Thoughts . . . by Mark Rich

. . . scribbled . . . scrawled . . . trimmed . . . typewritten . . . grubbed up . . . squeezed from circumstance . . .

Thursday, May 30, 2013

Farewell to Jack Vance

I never knew him —— although after our one or two phone conversations I began to feel as though I did, at least a little: and at this moment I can hear his voice in my ear, genial and gentle and unassuming. As has happened for me with other souls who identify themselves as political conservatives we made our links to one another via the arts —— plural —— one being science fiction, another being music. Or maybe I should say we made a link to one another through memory: his memory, personal and direct; mine, impersonal and research-based and indirect. We cared enough about the same things that our exchanges came easily.

On January 6, 2009, Jack told me, "I'm blind. My eyes went out fifteen years ago. I've acclimated myself to the situation. It seems almost normal." His contact with literary culture continued —— for he had a "reader" —— I assume an automatic device: "I've got a reader that reads cassettes to me from the Library of Congress." At the time, poetry occupied a fair share of his time, for in his queue he had the Oxford Book of English Verse and Oxford Book of Children's Verse. Should my eyes dim while my ears remain a-quiver, I could ask for no better companions for quiet afternoon or evening hours.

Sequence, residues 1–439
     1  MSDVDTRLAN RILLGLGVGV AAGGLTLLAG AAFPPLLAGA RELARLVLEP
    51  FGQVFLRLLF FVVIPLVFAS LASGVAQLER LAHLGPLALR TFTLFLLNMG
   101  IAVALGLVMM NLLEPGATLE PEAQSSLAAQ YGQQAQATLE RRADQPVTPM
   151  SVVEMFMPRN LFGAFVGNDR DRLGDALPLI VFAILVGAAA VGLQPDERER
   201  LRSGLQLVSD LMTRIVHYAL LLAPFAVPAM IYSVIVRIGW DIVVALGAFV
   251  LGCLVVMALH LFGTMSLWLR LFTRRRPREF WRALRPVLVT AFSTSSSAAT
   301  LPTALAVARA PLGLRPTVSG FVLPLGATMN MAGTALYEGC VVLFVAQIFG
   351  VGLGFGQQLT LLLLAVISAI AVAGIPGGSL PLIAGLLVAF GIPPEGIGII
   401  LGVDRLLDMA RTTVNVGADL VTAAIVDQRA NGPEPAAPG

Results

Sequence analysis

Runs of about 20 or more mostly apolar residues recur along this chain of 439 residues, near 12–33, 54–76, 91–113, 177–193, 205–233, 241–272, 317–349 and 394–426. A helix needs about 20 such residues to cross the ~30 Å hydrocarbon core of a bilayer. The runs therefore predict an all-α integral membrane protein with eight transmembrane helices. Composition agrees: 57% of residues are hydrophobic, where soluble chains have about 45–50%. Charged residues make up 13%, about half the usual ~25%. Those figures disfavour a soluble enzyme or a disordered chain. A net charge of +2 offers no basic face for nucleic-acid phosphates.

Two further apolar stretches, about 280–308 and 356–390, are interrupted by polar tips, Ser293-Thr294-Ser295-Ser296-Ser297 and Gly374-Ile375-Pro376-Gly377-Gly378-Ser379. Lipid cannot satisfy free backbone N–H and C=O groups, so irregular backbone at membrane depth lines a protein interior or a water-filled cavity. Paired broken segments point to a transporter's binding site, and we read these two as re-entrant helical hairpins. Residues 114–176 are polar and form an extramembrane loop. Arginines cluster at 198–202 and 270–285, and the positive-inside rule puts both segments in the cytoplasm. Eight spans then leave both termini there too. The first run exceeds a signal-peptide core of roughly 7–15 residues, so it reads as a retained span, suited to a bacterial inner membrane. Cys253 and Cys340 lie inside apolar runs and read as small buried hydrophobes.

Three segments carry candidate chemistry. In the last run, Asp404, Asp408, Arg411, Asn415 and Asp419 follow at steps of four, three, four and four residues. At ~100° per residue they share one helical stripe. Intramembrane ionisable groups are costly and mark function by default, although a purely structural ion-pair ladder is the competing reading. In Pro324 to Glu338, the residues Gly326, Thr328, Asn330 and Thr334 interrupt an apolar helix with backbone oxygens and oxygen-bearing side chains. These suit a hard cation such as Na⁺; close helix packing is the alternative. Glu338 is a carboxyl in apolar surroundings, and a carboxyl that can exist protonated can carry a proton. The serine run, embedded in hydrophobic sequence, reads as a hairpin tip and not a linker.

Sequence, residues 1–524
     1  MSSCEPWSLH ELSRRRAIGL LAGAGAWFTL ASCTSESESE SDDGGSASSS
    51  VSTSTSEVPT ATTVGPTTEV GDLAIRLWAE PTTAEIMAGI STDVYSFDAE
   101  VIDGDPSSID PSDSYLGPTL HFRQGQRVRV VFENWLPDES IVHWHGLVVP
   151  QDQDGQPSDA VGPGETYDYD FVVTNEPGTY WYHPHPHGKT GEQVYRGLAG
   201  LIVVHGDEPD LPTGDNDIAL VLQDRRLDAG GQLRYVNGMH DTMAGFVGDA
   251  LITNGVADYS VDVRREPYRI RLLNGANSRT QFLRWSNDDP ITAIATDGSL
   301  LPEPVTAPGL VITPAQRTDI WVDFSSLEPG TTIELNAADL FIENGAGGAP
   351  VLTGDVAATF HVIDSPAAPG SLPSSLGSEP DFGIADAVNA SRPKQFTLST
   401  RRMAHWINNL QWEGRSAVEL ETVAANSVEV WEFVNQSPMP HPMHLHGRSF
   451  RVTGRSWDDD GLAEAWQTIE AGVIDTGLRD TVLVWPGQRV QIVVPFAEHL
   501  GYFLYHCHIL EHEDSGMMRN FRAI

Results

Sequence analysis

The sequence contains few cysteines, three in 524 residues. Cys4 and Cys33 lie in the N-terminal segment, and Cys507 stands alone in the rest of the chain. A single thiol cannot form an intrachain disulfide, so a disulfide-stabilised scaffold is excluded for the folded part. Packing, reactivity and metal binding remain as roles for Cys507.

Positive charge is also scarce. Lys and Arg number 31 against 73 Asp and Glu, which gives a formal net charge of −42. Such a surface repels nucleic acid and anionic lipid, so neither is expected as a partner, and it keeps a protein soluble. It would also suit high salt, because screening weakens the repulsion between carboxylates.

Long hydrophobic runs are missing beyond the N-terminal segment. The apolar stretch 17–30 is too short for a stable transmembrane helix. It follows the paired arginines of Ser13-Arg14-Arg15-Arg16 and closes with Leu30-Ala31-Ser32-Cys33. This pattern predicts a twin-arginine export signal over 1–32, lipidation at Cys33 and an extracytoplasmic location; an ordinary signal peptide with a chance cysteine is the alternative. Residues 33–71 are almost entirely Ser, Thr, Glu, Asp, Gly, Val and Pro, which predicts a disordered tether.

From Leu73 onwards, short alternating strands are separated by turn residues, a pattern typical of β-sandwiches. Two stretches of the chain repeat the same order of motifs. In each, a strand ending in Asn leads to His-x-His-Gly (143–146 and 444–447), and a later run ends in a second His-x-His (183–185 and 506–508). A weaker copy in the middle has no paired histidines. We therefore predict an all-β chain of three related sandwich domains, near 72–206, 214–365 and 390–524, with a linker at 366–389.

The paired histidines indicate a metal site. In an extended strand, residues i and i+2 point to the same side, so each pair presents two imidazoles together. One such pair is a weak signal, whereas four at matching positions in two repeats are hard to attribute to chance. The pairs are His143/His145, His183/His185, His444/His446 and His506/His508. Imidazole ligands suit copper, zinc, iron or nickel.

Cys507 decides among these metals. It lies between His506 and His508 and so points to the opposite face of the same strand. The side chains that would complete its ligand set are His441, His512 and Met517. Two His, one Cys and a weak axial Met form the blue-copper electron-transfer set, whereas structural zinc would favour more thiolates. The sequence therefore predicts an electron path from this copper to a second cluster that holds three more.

I doubt he could have done in prose what he did, without the influence of traditional poetry.

At the time of our conversation I jotted down those titles without too much thought.

Where does Vance stand in science fiction? I wish I knew better. He was doing a great deal of writing and publishing in years when I read relatively little in the genre. His earlier books, insofar as I know them, include distinctive, idiosyncratic and complex works that I have enjoyed and respected and look forward to revisiting. What emerges most powerfully from them, in memory, is the Vanceian color —- the strangeness, the posed artificiality that inhabits and infects his characters and situations, tingeing them with an impalpable edginess that threatens to blur into discomfort but often leaves an aftertaste of pleasure.

Cheers ...

No comments:

Post a Comment